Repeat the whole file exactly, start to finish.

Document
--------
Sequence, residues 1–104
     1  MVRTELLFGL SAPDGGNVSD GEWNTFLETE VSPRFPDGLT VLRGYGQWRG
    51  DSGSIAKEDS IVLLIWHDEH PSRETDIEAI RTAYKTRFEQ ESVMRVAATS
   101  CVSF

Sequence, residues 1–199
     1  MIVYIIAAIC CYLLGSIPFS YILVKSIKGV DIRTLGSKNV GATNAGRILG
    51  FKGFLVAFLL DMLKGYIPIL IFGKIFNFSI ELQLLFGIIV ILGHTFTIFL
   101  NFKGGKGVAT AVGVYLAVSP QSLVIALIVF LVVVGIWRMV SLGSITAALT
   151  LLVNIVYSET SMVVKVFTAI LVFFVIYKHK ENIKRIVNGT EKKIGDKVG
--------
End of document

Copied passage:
Sequence, residues 1–104
     1  MVRTELLFGL SAPDGGNVSD GEWNTFLETE VSPRFPDGLT VLRGYGQWRG
    51  DSGSIAKEDS IVLLIWHDEH PSRETDIEAI RTAYKTRFEQ ESVMRVAATS
   101  CVSF

Sequence, residues 1–199
     1  MIVYIIAAIC CYLLGSIPFS YILVKSIKGV DIRTLGSKNV GATNAGRILG
    51  FKGFLVAFLL DMLKGYIPIL IFGKIFNFSI ELQLLFGIIV ILGHTFTIFL
   101  NFKGGKGVAT AVGVYLAVSP QSLVIALIVF LVVVGIWRMV SLGSITAALT
   151  LLVNIVYSET SMVVKVFTAI LVFFVIYKHK ENIKRIVNGT EKKIGDKVG